Philosophy & Critical Theory

Apocalyptic Modernity

Instructor: Ignacio Valero
OAK / PHCRT-200 / PHCRT-300 /SSHIS-200 / SSHIS-300 / DIVSM-300 (pending approval)
15 sessions
Prerequisite: Foundations in Critical Studies and Writing 1
July 14-August 14, Mon./Wed./Thurs., 6:45–9:45 p.m.

There is a popular Bizarro cartoon in which a Mayan sculptor, showing the calendar disk to his priest-king, says: “I only had enough room to go up to 2012.” The playful royal responds: “Ha! That’ll freak somebody out someday.” Well, 2012 came and went, but so much is freaking us out now that the end of the world is the least of our worries -- or is it? An Oakland preacher, Harold Camping, swore that the end was coming on May 21, 2011, at 6 p.m., while Google shows 2.5 billion search results for “end of the world.” Then, there was the Y2K scare, the interminable ‘end of days’ apocalypses throughout the centuries, and still no end in sight. Around 1635, Bishop Ussher (and Sir James Lightfoot) suggested the world had been created at 9 a.m. October 3, 4000 B.C. According to his literalist biblical calculations, Adam and Eve had been evicted from Paradise on November 10 of the same year—a very short paradisiac bliss indeed!

Why this continued fascination with the end of times -- chasing ever growing apocalyptic vampires, cyborgs, and zombies? It is “easier to imagine the end of the world than the end of capitalism,” say F. Jameson and S. Žižek. The bank and the mega-church have replaced the temple but not the hope of transmuting lead into gold. The biotech (blue? red?) pill comes with promises of extended life without pain. Prayer seems to cure cancer. And the universe looks ever more magical in the scribbles of the modern cosmologists, Hollywood, and the digital screens of the virtual.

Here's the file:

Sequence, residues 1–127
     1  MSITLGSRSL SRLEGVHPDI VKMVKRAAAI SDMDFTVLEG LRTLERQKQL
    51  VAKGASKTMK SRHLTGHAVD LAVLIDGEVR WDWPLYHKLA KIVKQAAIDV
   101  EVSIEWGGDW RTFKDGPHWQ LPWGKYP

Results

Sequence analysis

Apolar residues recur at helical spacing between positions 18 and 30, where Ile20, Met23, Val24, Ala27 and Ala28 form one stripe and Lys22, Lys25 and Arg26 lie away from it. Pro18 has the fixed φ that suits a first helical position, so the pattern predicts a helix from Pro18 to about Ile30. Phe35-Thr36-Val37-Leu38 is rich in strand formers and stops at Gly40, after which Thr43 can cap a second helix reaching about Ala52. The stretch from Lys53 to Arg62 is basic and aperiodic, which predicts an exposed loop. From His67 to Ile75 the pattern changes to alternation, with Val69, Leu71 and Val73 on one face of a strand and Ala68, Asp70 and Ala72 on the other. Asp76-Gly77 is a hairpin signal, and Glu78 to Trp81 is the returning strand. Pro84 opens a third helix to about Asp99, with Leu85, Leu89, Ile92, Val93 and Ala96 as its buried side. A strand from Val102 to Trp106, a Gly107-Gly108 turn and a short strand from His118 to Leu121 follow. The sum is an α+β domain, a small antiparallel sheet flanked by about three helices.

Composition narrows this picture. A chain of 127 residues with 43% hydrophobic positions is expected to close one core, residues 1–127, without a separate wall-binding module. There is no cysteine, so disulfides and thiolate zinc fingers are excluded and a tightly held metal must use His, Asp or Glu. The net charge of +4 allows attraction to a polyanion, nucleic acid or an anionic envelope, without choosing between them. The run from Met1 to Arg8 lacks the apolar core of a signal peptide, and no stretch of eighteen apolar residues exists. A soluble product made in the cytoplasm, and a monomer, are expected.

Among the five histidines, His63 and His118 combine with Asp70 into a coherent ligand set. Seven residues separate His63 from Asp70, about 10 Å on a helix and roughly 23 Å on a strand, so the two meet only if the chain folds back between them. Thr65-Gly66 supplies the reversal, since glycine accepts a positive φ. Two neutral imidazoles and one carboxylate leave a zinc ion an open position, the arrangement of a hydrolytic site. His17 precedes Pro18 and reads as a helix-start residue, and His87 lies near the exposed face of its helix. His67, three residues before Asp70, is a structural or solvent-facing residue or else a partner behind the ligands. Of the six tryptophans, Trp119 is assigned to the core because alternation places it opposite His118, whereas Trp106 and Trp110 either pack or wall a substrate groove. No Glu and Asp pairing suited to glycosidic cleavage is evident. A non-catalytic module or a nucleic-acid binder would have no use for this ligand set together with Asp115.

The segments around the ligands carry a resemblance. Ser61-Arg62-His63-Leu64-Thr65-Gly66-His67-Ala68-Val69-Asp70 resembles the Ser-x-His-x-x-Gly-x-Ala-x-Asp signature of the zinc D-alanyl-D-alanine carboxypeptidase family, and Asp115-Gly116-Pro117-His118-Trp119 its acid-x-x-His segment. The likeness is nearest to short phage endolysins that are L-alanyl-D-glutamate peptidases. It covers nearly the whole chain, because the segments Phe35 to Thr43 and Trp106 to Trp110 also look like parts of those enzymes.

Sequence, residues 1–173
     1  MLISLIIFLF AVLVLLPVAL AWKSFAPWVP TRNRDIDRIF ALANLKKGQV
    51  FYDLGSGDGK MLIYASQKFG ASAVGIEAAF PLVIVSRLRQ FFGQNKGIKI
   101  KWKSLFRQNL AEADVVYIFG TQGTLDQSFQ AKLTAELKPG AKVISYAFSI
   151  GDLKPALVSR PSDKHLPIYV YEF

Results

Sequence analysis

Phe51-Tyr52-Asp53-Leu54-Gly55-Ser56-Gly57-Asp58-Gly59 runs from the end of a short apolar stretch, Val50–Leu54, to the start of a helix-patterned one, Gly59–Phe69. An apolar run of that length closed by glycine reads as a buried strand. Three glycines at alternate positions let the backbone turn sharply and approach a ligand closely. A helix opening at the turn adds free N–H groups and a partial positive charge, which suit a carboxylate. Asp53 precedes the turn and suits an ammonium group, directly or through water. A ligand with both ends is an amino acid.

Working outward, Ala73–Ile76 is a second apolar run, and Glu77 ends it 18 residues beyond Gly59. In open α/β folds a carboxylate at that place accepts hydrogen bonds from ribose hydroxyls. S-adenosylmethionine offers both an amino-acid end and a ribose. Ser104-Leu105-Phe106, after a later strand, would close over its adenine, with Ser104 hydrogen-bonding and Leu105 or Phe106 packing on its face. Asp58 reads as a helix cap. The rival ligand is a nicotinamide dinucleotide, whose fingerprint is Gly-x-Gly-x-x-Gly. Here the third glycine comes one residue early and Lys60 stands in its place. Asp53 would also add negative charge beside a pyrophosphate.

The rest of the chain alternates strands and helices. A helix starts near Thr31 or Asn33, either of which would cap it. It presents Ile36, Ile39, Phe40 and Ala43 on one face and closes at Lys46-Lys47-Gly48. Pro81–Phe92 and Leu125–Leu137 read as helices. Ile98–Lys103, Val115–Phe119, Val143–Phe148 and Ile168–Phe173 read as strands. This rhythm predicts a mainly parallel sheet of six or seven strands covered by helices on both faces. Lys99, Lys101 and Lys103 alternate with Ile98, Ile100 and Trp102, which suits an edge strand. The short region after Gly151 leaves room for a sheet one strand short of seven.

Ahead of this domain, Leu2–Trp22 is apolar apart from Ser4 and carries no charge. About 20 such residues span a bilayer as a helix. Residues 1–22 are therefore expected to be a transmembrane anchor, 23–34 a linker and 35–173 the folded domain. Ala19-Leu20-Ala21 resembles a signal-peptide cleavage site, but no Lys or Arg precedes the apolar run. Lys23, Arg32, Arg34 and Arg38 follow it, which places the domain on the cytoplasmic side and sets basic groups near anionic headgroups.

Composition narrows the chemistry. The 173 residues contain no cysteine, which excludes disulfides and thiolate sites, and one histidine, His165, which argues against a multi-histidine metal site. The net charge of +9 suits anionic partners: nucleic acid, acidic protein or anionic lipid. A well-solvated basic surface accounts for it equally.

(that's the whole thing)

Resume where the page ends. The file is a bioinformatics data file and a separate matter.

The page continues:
Is history cyclical, linear and/or non-linear, enchanted and/or disenchanted? Sacred and/or Secular? Mesopotamia, Egypt, India, Cathay, Peru and Mesoamerica as well as Siberia and the humid forests were already asking these questions millennia ago. For some answers, we travel with shamans, alchemists, rabbis, mullahs, and priests, as well as philosophers, scientists, magicians, artists, designers, and charlatans, in search of the elusive Philosopher’s Stone, Paradise, and the Elixir of Life. We weave through some historical, intellectual, environmental, political, economic, technological, religious, pop social media, and multicultural threads, implicit and intertwined in the notions of Apocalypse, Modernity, and Hybridity, and contrast them with American Exceptionalism and Manifest Destiny, which seem to be suffused with a strong dose of Nostalgia for a Lost Golden Age that still might be reconstructed. Films and Visual analysis support the course readings and discussions.

Due to its interdisciplinary nature, this course fulfills a 200- or 300-level Philosophy & Critical Theory, 200- or 300-level Social Sciences/History, Diversity Studies Seminar (pending approval), or H&S Elective.

The Ecological Imagination

Instructor: Stuart Kendall
SF / PHCRT 200 / PHCRT 300 / SSHIS 200 / SSHIS 300 / VISST 200
15 sessions
Prerequisite: Foundations in Critical Studies and Writing 1
August 4-22, Mon.-Fri., 1-4 p.m.

Ecology is a branch of biology that studies the interrelationships of organisms and the environments in which they live. As a mode of systems-based analysis ecology offers an approach to our environment and often a mode of environmentalism. But ecological thinking isn’t just for biologists. Designers across the design disciplines interested in sustainability ground their work in ecological thinking. And artists interested in environmentalism and environmental activism use ecological thought to inform both the form and content of their works. In readings, films, and field trips, this course studies the ecological imagination as it appears in and informs ecological thought, design and art. We will read ecological and environmental philosophy as well as examining works of art and design that exemplify diverse approaches to the problems of ecological thinking and the necessities of sustainability. This will be a course in ecological philosophy, design and aesthetic activism and a study of the presentation of our environment and environmentalism in contemporary culture.

Due to its interdisciplinary nature, this course fulfills a 200- or 300-level Philosophy & Critical Theory, 200- or 300-level Social Sciences/History, or 200-level Visual Studies.

The following summer study abroad course also satisfies a Philosophy & Critical Theory requirement:

Berlin Past/Present + Biennale